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To systematically review the literature to better understand the technique, outcomes, and complications after percutaneous superficial medial collateral ligament (sMCL) lengthening during knee arthroscopy to address isolated medial meniscal pathology.
A systematic review was conducted according to the Preferred Reporting Items for Systematic Reviews and Meta-analyses (PRISMA) guidelines using a PRISMA checklist. The inclusion criteria consisted of English-language articles or articles with English-language translations documenting the use of percutaneous sMCL lengthening during arthroscopic knee surgery to treat isolated meniscal pathology (repair vs meniscectomy) with reported postoperative outcomes and complications.
Four studies met the inclusion criteria, consisting of a total of 192 patients undergoing percutaneous sMCL lengthening. No perioperative complications related to iatrogenic chondral damage, fracture, or additional meniscal injury were reported. Mild postoperative pain at the medial needle tract site lasting up to 15 days after surgery was reported in 52% of patients (46 of 88). At final follow-up, laxity on valgus stress testing showed a range from 0 to 1.1 mm with a range from –0.3° to 0.9° of radiographic medial joint space widening compared with preoperative radiographs. The length of follow-up ranged from 1.5 to 24 months.
The percutaneous “pie-crusting” technique remains the most commonly reported technique to lengthen the sMCL during arthroscopic meniscal surgery. Percutaneous lengthening represents a safe and effective method of increasing medial joint space visualization, with no reported perioperative or postoperative complications and with minimal, likely clinically insignificant residual joint laxity after surgery on valgus stress testing at final follow-up compared with preoperative values.
Level of Evidence
Level IV, systematic review of Level IV studies.
In the knee, the meniscus functions as a shock absorber, effectively distributing the load transmitted within the knee while ensuring joint stability by providing joint congruity between the femur and tibia throughout flexion and extension. Meniscal tearing represents one of the most commonly encountered pathologies in the knee, with a reported incidence as high as 6 per 1,000 persons in the United States alone.
Owing to the loss of effective load transmission, untreated meniscal tears may lead to articular cartilage damage and eventual loss, resulting in the development of early osteoarthritic changes within the joint.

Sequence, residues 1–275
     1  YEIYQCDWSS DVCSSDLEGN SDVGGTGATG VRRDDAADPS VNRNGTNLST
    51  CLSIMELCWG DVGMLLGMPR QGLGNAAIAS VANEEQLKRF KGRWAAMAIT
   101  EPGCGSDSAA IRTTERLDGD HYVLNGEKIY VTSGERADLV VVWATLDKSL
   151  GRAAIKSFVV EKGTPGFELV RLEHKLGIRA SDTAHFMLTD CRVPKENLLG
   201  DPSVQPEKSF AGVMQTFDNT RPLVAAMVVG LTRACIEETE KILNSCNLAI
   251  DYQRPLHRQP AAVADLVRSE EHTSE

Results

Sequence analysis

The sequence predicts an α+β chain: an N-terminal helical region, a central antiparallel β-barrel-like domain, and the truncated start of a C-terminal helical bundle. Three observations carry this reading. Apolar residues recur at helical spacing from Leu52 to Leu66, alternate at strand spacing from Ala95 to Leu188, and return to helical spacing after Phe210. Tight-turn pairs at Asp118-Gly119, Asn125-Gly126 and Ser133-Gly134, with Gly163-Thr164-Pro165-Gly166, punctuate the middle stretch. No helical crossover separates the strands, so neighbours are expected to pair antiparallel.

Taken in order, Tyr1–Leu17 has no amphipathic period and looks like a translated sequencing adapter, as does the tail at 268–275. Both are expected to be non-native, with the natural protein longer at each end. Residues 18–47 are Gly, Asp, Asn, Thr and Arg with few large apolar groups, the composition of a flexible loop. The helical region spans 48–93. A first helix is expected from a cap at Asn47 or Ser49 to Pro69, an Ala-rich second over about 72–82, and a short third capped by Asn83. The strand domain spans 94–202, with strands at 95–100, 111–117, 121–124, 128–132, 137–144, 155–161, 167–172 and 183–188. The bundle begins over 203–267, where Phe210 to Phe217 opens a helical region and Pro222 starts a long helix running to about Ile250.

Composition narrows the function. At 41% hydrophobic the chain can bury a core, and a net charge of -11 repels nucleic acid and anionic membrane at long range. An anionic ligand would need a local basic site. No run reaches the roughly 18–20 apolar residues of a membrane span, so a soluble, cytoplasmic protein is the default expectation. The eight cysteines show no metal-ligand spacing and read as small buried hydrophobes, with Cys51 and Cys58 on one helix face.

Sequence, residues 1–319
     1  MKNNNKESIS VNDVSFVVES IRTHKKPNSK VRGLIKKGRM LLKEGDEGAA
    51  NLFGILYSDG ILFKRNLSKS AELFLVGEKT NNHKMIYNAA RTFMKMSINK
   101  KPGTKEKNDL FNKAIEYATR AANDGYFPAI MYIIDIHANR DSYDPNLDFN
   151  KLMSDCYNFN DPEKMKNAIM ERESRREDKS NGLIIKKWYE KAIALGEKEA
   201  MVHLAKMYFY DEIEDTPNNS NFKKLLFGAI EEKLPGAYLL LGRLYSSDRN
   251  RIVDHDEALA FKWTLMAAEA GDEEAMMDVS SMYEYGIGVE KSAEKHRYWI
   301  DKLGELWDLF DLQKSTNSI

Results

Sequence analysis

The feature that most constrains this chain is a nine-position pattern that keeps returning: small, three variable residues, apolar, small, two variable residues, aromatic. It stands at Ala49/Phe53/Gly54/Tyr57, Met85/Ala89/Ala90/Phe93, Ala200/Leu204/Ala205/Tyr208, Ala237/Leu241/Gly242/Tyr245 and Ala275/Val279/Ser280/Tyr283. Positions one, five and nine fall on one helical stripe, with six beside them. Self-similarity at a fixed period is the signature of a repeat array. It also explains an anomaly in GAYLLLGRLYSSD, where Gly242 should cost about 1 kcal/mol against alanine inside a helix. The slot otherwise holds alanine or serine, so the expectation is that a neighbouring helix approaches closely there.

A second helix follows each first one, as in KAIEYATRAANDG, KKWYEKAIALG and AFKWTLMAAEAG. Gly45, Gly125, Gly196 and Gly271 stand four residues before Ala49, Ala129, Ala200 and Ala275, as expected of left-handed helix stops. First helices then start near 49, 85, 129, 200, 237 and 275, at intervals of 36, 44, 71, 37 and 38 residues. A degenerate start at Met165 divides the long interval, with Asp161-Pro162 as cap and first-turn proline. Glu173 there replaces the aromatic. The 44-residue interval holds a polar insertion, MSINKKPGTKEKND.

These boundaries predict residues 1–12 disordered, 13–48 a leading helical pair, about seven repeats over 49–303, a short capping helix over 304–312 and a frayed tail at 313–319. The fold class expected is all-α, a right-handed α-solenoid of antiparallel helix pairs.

As such, meniscal lesions are generally treated arthroscopically by primary repair or meniscectomy. In knees with tight medial compartments, particularly varus knees, the potential for missing meniscal pathology or misunderstanding the tear configuration because of poor visualization and iatrogenic chondral and meniscal injury is increased.
To facilitate arthroscopic visualization of the medial compartment and meniscus, various MCL lengthening techniques have been described. Percutaneous, inside-out lengthening, or “pie crusting,” first described by Agneskirchner and Lobenhoffer,
represents a minimally invasive technique involving repeated puncturing of the medial capsuloligamentous structures with an intramuscular needle to lengthen the superficial medial collateral ligament (sMCL).
With results from the percutaneous technique being the most commonly reported, concerns for iatrogenic MCL rupture, residual laxity, saphenous nerve injury, postoperative instability, and other potential complications after lengthening exist and warrant evaluation.
The purpose of this study was to systematically review the literature to better understand the technique, outcomes, and complications after percutaneous sMCL lengthening during knee arthroscopy to address isolated medial meniscal pathology. We hypothesized that patients would possess excellent outcomes with a low rate of postoperative valgus laxity and complications.
A systematic review was conducted according to the Preferred Reporting Items for Systematic Reviews and Meta-analyses (PRISMA) guidelines using a PRISMA checklist.
All literature related to sMCL lengthening during arthroscopic knee surgery to treat medial meniscal pathology, published from January 1990 to May 2019, was identified. Two reviewers (M.G., D.K.) independently conducted the search in June 2019 using the following databases: PubMed, Biosis Previews, SPORTSDiscus, PEDro, and Embase. Each search included the following terms: meniscus AND medial AND arthroscopy AND meniscectomy AND repair AND medial collateral ligament AND release AND lengthening AND percutaneous AND open AND superficial.